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It's Getting No Better for Angels

Baseball: They lose again to the Twins, 13-5. Says Velarde: 'Playing here is like playing in a country club.'


Maybe this was the Angels' idea of a lovely parting gift for Marcel Lachemann, their way of saying, "Hey Lach, it wasn't all your fault, see?"

Whatever their motivation, the Angels showed they can be just as awful without Lachemann at the helm as they were with him, being swept by the Minnesota Twins in a three-game series that ended with Thursday's unsightly 13-5 loss before 21,283 in Anaheim Stadium.

Shawn Boskie's traditional summer swoon continued with a mediocre 3 1/3-inning effort, during which he gave up eight runs. And the Angels had only six hits--two of them homers by Jim Edmonds.

The Twins had 17 hits--three each by Chuck Knoblauch and Greg Myers--and took advantage of an error and catcher's interference to score five unearned runs. The Angels, who have lost nine of 10 games, were outscored, 21-6, and outhit, 37-15, in the series.

"I sure hope this is rock bottom, because if we go any lower there might be some suicides," Boskie said.

Interim Manager John McNamara said he "isn't throwing in the towel by any means," but utility player Rex Hudler gave what amounted to a concession speech afterward.

"Fans here have been patient for a long time, and they need to be for another year or two," Hudler said. "We don't have a real veteran team. We need a couple of field leaders, and that's in the developing stages. Hopefully, we can save face and play well the rest of this season, and I think we'll be real good in another year or two."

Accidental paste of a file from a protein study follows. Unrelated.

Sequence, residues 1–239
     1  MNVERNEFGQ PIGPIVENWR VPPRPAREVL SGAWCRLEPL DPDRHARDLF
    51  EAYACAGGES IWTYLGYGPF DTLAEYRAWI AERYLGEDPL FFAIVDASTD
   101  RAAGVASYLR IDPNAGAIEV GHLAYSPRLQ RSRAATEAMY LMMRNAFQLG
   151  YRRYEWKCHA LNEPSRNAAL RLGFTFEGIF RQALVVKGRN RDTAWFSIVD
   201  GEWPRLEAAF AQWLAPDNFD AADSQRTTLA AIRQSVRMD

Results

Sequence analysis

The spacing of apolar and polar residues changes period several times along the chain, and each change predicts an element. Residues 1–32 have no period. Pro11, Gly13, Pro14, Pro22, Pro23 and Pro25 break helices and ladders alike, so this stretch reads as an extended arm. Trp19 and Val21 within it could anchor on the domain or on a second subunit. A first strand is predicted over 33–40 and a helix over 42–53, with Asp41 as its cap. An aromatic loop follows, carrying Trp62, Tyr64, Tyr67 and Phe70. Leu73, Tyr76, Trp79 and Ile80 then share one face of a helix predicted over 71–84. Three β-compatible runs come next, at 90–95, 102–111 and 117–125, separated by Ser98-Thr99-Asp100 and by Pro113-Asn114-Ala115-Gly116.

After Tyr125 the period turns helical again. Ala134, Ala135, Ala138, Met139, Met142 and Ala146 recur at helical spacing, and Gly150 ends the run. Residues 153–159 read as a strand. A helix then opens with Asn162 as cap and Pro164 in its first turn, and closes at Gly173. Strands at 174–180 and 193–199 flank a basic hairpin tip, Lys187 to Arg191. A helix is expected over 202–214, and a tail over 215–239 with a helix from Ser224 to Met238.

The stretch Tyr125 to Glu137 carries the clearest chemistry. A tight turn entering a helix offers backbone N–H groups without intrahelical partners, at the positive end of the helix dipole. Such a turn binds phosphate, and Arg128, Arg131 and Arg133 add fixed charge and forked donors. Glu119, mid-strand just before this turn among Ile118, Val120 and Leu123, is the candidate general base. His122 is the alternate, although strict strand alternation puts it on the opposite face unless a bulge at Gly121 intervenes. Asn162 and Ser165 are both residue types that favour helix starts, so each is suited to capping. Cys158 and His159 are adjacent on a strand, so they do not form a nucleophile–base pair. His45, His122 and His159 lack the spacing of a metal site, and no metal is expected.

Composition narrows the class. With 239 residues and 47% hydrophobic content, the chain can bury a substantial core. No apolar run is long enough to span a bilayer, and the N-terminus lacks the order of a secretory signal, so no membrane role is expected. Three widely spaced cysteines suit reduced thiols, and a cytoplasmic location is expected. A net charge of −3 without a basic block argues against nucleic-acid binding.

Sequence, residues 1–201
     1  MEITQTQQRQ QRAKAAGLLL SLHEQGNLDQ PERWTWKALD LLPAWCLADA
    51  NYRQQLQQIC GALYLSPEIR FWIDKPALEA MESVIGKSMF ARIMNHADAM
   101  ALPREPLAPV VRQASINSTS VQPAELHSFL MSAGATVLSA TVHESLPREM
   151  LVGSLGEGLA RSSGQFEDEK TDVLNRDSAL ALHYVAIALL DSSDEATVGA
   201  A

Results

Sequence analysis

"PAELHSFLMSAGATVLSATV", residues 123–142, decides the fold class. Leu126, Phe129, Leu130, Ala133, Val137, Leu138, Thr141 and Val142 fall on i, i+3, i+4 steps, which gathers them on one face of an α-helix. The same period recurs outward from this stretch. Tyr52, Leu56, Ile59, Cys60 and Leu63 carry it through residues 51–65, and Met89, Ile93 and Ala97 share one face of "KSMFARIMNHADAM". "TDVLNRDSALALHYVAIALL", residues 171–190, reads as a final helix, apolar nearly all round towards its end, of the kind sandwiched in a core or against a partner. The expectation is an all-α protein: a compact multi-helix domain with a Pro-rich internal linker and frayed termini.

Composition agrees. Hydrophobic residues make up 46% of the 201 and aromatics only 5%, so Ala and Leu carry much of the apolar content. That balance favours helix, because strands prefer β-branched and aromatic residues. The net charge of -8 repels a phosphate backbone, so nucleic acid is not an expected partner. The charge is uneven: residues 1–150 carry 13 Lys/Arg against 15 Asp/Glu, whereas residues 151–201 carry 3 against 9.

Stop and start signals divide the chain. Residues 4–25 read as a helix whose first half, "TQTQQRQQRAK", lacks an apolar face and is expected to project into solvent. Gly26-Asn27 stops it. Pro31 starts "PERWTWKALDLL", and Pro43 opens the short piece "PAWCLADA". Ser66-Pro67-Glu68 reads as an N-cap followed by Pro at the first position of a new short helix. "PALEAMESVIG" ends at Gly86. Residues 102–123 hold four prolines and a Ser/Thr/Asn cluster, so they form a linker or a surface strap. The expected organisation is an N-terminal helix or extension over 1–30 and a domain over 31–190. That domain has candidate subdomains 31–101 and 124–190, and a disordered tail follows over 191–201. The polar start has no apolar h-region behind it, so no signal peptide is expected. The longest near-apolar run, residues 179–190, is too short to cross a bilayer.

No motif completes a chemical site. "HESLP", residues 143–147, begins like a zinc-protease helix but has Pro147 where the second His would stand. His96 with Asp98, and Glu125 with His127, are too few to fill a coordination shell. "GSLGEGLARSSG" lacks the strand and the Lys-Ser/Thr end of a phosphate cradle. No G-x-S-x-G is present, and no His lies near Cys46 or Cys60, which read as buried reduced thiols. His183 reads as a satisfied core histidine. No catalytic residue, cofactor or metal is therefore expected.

So much for high expectations.

But as uninspiring as the Angels' play has been, they at least showed a little life in the fourth inning Thursday when Chili Davis was called out on strikes and tossed his helmet toward the plate.

Umpire Al Clark immediately ejected Davis, who marched back to home plate, waving his arms as if to say, "Are you talking to me?" Davis had to be restrained by base coaches Joe Maddon and Eddie Rodriguez.

McNamara came out to talk to Clark, and although the conversation wasn't heated, McNamara was ejected too, giving the Angels their third manager--Maddon--this week.

"I don't raise my voice any more," McNamara said. "But I guess it's the quality of words you choose that gets you in trouble."

Reliever Jason Grimsley hit Pat Meares with his first pitch in the top of the fifth inning, and Clark issued a warning. Grimsley then sent ball four over Knoblauch's head.

But Clark, apparently aware of Grimsley's control problems, ruled the pitch wasn't intentional. Though a brawl seemed likely, there was no further incident.

Davis was steaming afterward but chose to bite his lip. "I've got nothing to say," he said.

What could he say? A team many expected to win the American League West title appears to be in disarray. Players sniped at Lachemann last week, and they have bickered among themselves this week.

Their manager resigned and three coaches were relieved of their duties Tuesday, they were hammered by the Twins, and they were ripped in the papers by their team president.

Among Tony Tavares' observations in the wake of Lachemann's resignation:

--"This team has too many players who look like they came from Newport Beach, where their daddies and mommies gave them everything they ever wanted."

--"This is a team that hasn't focused on being a team. I don't like all the 'I' and 'me' stuff I've read [from the players] in the last week."

Second baseman Randy Velarde played eight seasons in New York under Yankee owner George Steinbrenner, who often blasted his teams, and he wasn't exactly put off by Tavares' comments.

"He's ticked off, because it's embarrassing what we're putting out on the field," Velarde said. "I'm glad he's ticked, because the guy in New York wouldn't put up with this. You've got to answer to someone."

But Velarde said the situation in Anaheim doesn't compare to those he's experienced in New York.

"Playing here is like playing in a country club," Velarde said. "I almost wish this team played in New York, because when you play bad there, they let you know how bad."

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